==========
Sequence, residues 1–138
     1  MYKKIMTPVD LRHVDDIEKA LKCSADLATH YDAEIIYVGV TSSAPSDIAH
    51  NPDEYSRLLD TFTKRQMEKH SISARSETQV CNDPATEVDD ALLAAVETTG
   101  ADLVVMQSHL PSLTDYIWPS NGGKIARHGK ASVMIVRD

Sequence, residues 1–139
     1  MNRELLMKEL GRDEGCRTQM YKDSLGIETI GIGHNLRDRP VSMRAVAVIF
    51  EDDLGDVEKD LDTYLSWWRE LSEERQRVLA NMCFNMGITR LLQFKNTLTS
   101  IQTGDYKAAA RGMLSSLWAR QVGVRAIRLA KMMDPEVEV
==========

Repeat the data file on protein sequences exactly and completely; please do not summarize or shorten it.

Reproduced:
Sequence, residues 1–138
     1  MYKKIMTPVD LRHVDDIEKA LKCSADLATH YDAEIIYVGV TSSAPSDIAH
    51  NPDEYSRLLD TFTKRQMEKH SISARSETQV CNDPATEVDD ALLAAVETTG
   101  ADLVVMQSHL PSLTDYIWPS NGGKIARHGK ASVMIVRD

Sequence, residues 1–139
     1  MNRELLMKEL GRDEGCRTQM YKDSLGIETI GIGHNLRDRP VSMRAVAVIF
    51  EDDLGDVEKD LDTYLSWWRE LSEERQRVLA NMCFNMGITR LLQFKNTLTS
   101  IQTGDYKAAA RGMLSSLWAR QVGVRAIRLA KMMDPEVEV